Africa’s banking, investments and asset management industry is currently dominated by private institutional players and by government pension and insurance bodies. These players dominate capital flows in the financial markets. They drive liquidity and they set direction of overall investments and asset management climate. This is not sustainable and does not necessarily fully optimize available resources and strengths of our open society, at least not in the long-run. Enhancing retail investors’ savings, household assets, and individual wealth accumulation remain a vital force which would make Rwanda and Africa’s vision for sustainable wealth and legacy attainable.

Cumulative purchasing power, saving reserves, and liquidity flows amongst retail investors and individual family-offices would substantially surpass corporate players in most aspects, if not all. The issue here remains a lack of financial literacy inclusion for the retail niche as well as a lack of enough custom advisory and wealth management outlets to structure applicable investment vehicles and guide these usually non-sophisticated middle-income families.

Taking asset management as an example, the largest asset managers in the world remain the ones with core products and services focused on and accessible to individual retail clients; mostly with very low to no minimum starting balance. US names like Vanguard, Fidelity Investments, and BlackRock – with trillion of dollars in assets under management – lead their peer institutional asset managers and hedge funds by dozens of folds. In Rwanda, Banque Populaire has long been an ideal case study.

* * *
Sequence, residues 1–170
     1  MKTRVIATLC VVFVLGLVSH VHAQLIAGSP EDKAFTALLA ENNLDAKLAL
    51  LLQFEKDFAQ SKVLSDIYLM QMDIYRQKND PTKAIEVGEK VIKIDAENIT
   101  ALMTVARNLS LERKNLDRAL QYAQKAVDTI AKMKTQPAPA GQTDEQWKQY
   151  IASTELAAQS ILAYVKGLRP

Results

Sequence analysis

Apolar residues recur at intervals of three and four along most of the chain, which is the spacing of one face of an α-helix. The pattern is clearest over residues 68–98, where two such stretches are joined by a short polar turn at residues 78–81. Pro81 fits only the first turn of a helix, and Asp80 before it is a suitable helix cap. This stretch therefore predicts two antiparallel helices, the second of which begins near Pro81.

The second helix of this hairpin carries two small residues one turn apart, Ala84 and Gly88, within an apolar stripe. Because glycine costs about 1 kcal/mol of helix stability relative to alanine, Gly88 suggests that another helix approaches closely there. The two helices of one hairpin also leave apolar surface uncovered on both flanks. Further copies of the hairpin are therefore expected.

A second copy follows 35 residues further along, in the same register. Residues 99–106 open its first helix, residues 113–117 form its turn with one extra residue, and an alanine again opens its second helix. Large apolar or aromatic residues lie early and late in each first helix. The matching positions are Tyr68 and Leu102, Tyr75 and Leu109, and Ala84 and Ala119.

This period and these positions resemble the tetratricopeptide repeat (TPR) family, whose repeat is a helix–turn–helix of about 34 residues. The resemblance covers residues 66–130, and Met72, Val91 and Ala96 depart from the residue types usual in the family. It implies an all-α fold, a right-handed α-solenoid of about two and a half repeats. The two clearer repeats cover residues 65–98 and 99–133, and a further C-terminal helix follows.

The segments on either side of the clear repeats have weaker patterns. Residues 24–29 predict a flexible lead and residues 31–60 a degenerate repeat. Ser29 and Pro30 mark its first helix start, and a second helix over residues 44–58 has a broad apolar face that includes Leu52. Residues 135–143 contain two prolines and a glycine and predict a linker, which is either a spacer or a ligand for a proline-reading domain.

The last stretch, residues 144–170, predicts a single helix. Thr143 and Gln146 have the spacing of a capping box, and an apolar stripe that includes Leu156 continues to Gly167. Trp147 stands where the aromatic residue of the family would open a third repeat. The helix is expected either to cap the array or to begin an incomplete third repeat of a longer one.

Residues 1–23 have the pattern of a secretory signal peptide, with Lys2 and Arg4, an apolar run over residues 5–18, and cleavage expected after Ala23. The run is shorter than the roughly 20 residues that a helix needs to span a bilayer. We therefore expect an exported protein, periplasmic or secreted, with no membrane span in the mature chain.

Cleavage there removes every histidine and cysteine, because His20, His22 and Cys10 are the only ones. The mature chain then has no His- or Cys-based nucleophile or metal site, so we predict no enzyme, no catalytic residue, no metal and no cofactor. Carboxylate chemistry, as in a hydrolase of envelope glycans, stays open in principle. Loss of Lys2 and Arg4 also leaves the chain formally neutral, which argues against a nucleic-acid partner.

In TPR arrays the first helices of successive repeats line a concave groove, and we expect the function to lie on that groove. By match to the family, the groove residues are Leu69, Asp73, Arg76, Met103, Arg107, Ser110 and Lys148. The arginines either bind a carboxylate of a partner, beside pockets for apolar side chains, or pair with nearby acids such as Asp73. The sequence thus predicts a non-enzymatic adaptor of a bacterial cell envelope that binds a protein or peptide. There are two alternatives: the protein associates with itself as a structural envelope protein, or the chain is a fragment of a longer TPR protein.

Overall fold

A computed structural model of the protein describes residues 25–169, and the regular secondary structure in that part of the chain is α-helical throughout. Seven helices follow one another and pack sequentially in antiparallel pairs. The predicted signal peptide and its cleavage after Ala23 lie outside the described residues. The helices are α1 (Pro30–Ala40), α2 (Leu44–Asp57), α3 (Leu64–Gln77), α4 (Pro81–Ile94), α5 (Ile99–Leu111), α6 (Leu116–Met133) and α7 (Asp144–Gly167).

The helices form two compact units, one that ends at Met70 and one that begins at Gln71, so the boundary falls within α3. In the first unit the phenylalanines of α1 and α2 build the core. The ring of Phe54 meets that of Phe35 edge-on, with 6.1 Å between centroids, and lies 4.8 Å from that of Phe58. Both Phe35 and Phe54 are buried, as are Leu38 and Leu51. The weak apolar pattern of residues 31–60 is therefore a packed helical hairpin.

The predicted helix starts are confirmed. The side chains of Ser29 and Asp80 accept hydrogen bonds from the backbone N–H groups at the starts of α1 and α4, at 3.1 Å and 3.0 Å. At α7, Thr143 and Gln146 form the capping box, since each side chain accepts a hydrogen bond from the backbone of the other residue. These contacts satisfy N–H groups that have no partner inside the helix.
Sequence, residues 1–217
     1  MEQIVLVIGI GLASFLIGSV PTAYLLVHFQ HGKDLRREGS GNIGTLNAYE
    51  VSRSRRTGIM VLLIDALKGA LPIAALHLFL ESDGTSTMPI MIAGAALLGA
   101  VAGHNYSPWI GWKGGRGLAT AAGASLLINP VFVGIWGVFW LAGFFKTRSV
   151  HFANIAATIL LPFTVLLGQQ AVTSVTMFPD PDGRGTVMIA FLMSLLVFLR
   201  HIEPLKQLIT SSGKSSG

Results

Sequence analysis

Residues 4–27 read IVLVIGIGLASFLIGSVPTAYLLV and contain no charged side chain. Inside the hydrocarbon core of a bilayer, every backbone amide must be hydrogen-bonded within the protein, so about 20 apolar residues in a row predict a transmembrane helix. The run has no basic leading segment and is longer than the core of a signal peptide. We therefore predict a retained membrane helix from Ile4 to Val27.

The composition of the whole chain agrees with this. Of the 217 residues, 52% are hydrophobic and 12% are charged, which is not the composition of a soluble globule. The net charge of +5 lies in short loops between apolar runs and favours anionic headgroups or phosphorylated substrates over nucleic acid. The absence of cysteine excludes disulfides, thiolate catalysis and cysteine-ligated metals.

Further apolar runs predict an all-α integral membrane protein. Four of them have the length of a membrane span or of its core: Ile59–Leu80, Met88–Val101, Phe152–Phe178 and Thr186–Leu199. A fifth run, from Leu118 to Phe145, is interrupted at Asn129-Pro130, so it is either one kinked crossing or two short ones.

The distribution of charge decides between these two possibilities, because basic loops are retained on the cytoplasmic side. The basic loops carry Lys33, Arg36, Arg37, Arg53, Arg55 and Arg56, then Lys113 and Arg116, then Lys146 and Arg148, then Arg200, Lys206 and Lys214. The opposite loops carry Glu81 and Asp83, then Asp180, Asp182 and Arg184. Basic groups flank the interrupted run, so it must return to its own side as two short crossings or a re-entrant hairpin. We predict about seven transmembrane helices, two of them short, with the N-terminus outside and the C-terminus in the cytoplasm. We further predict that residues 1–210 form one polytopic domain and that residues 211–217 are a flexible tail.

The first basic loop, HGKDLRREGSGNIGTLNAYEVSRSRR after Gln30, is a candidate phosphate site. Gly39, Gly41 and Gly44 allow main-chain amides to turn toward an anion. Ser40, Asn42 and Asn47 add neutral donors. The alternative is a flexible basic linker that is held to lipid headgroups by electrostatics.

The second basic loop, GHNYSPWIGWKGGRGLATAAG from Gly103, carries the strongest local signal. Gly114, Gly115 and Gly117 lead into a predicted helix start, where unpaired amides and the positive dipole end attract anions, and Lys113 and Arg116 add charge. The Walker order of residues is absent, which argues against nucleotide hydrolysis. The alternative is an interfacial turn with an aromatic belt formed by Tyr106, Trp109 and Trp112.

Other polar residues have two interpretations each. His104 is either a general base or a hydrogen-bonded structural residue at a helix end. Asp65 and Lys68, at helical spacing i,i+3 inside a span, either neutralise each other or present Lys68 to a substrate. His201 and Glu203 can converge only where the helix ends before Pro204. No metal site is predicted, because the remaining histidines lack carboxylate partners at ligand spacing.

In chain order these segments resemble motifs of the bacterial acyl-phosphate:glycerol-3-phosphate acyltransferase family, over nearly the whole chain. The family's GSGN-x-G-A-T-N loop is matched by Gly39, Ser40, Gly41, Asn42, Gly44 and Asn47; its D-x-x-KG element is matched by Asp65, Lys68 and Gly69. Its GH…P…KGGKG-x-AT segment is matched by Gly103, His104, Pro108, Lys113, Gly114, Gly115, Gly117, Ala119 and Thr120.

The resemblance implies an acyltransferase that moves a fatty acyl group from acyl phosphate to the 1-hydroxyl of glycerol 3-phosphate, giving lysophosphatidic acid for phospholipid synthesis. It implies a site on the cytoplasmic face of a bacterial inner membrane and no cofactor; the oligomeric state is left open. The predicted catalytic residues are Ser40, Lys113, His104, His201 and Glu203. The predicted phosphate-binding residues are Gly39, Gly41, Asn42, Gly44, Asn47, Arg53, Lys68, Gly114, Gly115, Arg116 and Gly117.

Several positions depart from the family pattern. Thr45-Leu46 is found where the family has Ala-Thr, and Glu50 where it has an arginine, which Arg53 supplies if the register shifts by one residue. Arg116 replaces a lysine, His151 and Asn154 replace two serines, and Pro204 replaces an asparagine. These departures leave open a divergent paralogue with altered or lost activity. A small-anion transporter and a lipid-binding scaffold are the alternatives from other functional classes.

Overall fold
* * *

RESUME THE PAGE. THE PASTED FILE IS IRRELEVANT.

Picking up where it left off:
When we look at the success of CHAMAs in Kenya or SACCOs in Rwanda among others, one would not dare to question what individual or collective retail investment and saving schemes have grown to become. Campaigns such as Mutuelle de Santé in Rwanda have shown that our people’s willpower is with no doubt unstoppable; if and when the value for their money is presented with a clear understanding. Therefore, for programs such as Ejo Heza to succeed, Rwanda has to take the solution-based selling approach. Campaigners must present a need and offer the program as a respective solution. Stakeholders will need to showcase what an underfunded retirement would look like. Actuaries, investment advisers, and asset managers have to crunch numbers and show average individuals where their current retirement funding stands and, by doing simulations, where it would be at the time of retirement. Actuarial mortality analysis would show whether or not the individual is going to outlive their reserves, how much they need to contribute to close that gap and what rate of return would need to be earned to get there. Then will come individual estate planning, multigenerational family wealth transfer and legacy programs, and prominence of trusts funds.

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